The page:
I think the real truth is that the paradox is only an illusion. External influences condition us to believe that we have to be one way or another. Fictional characters such as what we see in movies and TV are often depicted in ways that make us think that if we develop some positive qualities, then we must sacrifice others. Real human beings are richer and more complex than any fictional character, no matter how well developed that character is.
If we aim to be strong and powerful and successful, then supposedly we must be less loving, less caring, and more cold-hearted. If we want to be heart-centered and loving, we must be less ambitious. If we want to be very disciplined, we can’t be impulsive or spontaneous.
Have you ever bought into such nonsense? I certainly have.
For example, if I post a tough love article, then according to the feedback, I must be a hard-ass kind of guy… since obviously only that type of man would write such an article. It amuses me to think there are people who actually believe that’s the kind of person I am, as if I go around every day trying to do everything in a tough-guy manner.
If I post a compassionate and heart-centered article, then the feedback tries to get me to believe that I must be a very sensitive man… since obviously only such a man would write something like that. But to those who’ve already concluded I’m a hard-ass, then I must be having an off day. 🙂
I think the apparent paradox isn’t really a paradox at all. The truth is that good qualities can blend together beautifully, just like different instruments can be used to create delightful music. You don’t have to choose between being a percussion instrument and a string instrument. You can be both at the same time.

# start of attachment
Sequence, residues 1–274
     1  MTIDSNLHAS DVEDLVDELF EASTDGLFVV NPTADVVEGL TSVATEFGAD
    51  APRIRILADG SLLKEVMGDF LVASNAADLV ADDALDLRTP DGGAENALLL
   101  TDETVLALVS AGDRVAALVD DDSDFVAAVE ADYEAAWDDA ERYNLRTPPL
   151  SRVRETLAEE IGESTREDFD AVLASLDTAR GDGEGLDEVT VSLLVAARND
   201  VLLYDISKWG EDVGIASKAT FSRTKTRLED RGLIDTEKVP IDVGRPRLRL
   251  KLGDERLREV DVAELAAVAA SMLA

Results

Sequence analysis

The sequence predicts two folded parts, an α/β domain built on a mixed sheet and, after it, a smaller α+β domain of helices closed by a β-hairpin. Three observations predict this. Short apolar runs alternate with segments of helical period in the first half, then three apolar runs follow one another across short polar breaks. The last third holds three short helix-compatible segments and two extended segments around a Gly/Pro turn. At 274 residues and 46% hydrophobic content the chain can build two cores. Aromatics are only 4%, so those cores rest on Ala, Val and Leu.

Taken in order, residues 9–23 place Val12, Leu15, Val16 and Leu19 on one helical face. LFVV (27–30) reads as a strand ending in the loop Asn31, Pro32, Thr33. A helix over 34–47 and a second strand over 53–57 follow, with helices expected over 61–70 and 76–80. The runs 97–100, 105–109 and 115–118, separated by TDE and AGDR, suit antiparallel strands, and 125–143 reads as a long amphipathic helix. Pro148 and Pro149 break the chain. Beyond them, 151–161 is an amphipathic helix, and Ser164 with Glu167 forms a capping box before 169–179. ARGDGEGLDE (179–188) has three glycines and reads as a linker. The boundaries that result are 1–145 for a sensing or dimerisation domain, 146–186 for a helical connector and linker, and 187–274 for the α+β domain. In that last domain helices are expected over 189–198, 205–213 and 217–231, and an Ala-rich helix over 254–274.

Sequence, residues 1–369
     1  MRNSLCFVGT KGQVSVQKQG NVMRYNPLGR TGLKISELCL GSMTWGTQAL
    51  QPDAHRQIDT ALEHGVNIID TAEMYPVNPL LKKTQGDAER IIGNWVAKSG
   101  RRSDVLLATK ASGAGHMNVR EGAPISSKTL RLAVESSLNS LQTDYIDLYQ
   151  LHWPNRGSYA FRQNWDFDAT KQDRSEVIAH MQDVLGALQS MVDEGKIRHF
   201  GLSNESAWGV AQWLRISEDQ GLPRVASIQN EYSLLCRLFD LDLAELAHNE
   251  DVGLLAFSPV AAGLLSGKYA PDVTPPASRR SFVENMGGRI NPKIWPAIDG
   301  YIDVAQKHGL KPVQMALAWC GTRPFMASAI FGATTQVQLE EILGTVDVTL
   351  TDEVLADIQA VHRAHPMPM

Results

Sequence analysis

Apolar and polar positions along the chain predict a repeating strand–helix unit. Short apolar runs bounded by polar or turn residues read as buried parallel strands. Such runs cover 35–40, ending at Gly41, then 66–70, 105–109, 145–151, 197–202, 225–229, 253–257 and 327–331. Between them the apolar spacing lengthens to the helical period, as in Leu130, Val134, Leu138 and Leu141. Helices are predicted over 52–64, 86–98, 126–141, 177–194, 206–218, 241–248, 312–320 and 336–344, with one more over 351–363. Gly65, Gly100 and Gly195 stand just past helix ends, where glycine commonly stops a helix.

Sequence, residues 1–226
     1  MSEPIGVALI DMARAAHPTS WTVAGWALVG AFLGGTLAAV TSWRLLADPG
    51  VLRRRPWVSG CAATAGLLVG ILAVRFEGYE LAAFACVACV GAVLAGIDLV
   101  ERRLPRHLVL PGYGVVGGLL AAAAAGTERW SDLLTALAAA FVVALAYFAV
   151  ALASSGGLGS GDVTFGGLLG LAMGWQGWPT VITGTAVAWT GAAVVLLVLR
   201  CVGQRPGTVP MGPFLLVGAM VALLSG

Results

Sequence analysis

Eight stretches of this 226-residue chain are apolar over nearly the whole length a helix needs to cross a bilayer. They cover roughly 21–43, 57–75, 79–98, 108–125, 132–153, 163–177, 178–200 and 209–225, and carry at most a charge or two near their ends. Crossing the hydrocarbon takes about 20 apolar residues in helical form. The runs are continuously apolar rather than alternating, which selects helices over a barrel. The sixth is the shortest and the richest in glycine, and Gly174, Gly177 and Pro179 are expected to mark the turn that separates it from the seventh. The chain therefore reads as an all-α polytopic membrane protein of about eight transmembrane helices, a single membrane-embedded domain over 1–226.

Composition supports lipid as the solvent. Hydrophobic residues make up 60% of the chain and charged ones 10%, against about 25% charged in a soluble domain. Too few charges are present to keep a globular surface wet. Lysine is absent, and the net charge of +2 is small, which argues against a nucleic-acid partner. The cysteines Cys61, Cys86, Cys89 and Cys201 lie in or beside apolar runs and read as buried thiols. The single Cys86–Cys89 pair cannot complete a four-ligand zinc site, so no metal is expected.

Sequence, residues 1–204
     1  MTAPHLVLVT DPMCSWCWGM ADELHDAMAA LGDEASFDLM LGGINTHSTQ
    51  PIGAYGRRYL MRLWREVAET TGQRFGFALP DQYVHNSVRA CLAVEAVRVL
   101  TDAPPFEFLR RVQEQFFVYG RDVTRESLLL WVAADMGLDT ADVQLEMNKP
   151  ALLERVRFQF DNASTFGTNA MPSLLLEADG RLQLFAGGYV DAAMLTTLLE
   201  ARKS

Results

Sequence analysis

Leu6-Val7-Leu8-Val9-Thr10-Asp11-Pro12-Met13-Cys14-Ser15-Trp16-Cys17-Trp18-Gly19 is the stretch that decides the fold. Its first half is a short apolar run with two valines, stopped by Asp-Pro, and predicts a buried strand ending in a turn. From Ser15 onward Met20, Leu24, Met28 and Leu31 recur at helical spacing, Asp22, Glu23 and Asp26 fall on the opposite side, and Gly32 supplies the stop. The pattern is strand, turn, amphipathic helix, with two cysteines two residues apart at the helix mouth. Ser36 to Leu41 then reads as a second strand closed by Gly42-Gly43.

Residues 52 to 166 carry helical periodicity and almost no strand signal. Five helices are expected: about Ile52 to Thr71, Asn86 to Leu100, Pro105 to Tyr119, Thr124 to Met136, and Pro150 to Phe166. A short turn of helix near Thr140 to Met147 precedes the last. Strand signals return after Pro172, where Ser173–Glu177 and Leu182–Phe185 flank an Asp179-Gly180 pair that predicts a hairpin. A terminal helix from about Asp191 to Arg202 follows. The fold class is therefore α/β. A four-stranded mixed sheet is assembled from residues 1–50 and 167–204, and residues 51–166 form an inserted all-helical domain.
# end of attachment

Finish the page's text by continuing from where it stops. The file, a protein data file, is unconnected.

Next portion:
After my last blog post about the survey, someone posted in the forum discussion thread, “Who are you, and what have you done with Steve?” Apparently my character isn’t allowed to conduct surveys. I apologize for going against my programming.
This really is the sort of programming that gets injected into our minds, often without our conscious awareness. Others expect us to behave a certain way, and they communicate their expectations to us, either directly or indirectly. Over time their expectations mesh with our dominant thoughts, and their expectations become our expectations of ourselves.
At some point it’s a good idea to back away from all these influences, clear your mind, and get to know the beautiful paradox that is your true self. The more you understand that person, the easier it is to set goals and intentions that are achievable — and enjoyable — for you.
The Practical Benefits of Self-Knowing
When you deepen your connection to your higher self, you gain many real-world practical benefits. One very powerful benefit is that you can get yourself unstuck where you’ve previously felt stuck.
For many years in my marriage to Erin, I struggled with the decision Should we stay together or break up? No matter how much I thought about it, journaled about it, or sought advice, I couldn’t get to a place of clarity about it.
Why couldn’t I get clear? Perhaps the main reason was that I was paying too much attention to what other people thought. My mind was cluttered with input from Erin, from friends and family, from authors I’d read, from people whose opinions I respected. Some of that was direct feedback, and some was just a general impression of how the other person would likely react.